Suzanne joined dating sites 15 years ago after her husband died and has tried out Plenty of Fish, Over Time and Match.com
She admits she has been emotionally scammed – taken in by someone who turns out to be using a fake identity – about six times in 14 years.
The former hospital voluntary service manager who has four grandchildren and three great grandchildren has never handed over any money.
But she has been asked to hand over cash.
Drawing on her own experiences, she has shared the extraordinary lengths scammers will go to when fabricating a story to convince her to hand over cash.
She is now warning other elderly women of the warning signs of spotting a potential scammer.
She urged them to remain cynical of profiles with “too handsome a profile picture” and if they are listed as “widowed with no children” as it “screams scanner”.
She said: “People always say ‘how can someone fall for that, they must be stupid’ but when you are lonely, widowed and vulnerable it is so easy in a short space of time to feel attachment to a complete stranger.
“To have some special back in your life who is beginning to show you kindness and give you compliments.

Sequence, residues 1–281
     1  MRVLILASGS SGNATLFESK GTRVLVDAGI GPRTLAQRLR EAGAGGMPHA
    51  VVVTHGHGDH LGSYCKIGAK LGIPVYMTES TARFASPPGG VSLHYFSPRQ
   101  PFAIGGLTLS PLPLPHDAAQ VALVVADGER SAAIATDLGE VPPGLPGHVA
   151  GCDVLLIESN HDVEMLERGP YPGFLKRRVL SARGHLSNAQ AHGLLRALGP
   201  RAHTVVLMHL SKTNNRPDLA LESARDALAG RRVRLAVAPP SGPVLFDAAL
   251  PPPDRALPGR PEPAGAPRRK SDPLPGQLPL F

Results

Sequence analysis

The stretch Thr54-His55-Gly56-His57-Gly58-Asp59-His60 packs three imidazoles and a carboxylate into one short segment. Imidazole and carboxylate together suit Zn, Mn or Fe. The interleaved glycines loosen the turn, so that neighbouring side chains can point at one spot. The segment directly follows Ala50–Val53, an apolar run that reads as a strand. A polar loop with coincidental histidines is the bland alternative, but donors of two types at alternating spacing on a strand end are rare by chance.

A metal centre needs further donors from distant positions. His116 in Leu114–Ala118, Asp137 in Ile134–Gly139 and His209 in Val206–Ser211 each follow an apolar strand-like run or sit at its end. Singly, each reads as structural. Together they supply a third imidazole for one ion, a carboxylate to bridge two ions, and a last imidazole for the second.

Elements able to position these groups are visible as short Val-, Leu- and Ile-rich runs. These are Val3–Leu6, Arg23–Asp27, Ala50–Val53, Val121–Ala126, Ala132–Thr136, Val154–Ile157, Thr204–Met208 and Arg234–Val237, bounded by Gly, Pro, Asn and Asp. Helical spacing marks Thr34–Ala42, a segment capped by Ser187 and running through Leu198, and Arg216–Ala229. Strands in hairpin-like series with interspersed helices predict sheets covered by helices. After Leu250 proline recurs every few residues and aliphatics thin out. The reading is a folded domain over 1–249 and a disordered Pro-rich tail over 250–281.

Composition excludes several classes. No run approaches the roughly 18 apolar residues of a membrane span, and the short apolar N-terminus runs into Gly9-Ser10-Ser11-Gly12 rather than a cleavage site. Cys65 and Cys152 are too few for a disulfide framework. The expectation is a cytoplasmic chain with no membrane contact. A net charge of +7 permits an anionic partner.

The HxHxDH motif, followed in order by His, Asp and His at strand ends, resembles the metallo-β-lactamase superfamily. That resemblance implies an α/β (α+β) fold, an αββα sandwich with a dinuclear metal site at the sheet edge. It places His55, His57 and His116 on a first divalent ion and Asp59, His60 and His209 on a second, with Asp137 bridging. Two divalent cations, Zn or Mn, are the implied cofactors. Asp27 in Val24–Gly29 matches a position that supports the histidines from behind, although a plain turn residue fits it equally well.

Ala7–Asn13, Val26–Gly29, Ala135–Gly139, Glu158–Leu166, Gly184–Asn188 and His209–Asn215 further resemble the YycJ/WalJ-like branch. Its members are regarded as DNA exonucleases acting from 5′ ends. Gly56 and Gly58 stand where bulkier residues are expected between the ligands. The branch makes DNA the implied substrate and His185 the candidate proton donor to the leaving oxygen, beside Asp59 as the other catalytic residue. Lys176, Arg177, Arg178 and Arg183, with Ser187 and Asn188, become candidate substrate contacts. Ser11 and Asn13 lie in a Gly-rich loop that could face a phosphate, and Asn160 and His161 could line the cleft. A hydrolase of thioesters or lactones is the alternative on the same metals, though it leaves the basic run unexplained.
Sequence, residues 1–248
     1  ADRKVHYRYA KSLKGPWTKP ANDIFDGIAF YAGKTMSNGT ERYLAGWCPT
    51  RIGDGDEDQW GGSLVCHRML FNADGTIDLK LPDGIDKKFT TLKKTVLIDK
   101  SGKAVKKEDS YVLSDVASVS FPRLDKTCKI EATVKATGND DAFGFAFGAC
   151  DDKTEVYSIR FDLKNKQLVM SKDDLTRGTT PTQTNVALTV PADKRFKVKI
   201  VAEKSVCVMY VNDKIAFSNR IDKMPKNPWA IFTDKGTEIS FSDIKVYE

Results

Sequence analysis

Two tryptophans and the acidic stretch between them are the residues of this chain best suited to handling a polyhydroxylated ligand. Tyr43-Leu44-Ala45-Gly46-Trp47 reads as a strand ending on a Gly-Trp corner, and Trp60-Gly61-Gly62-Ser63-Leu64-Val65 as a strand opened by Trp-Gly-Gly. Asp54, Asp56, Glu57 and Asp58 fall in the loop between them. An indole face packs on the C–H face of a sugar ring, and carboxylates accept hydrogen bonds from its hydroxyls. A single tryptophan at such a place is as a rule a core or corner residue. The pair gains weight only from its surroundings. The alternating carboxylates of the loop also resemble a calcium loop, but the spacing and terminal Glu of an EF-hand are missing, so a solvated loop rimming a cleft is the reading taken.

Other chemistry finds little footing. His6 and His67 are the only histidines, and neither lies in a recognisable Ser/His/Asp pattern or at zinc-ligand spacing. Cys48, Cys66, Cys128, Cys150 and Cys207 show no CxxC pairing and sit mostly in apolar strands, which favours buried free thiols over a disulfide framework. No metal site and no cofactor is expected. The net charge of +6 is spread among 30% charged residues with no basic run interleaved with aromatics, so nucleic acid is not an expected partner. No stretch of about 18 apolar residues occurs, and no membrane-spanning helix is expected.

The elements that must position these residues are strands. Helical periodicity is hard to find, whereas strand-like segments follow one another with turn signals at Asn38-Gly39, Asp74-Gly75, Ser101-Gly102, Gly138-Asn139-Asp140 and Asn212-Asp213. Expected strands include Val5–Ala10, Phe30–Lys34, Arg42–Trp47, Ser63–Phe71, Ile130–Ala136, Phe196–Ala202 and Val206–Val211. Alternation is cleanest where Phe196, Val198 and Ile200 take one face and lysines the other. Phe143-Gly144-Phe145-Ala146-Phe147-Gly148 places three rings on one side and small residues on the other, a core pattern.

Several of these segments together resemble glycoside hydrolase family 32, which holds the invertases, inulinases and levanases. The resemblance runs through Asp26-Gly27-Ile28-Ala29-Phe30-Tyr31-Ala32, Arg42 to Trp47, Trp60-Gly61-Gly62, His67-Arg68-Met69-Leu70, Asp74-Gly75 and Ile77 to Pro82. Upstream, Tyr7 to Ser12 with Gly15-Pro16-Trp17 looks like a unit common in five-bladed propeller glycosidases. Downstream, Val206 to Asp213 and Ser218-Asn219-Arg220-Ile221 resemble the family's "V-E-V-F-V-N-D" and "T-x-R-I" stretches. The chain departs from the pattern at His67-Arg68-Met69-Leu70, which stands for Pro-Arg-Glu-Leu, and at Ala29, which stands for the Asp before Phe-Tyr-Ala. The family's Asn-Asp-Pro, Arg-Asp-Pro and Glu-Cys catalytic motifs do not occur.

“I’ve probably been scammed about six times over the past 14 years. But I haven’t handed any money over.
“But the emotional scamming really is heartbreaking. I had conversations for either a few days or a couple of weeks and you really do get sucked in.
“Another thing to look out for is the phraseology.
“Often the grammar becomes quite poor after the initial few sentences and this is a giveaway. The phrases seem foreign.
“If they say ‘Wow’ and ‘My woman’ this usually indicates a message from someone of African culture.
“Sometimes you may be asked the same thing twice in reasonably quick succession.
“This may mean that you have been passed to another person who will now continue the contact.
“Perhaps the other one has gone home or even for his lunch break.
“I just want to share my handy hints because I find it absolutely disgusting and upsetting that there are so many unscrupulous fakes on these sites and nothing is really being done about it.
“It’s just not right.”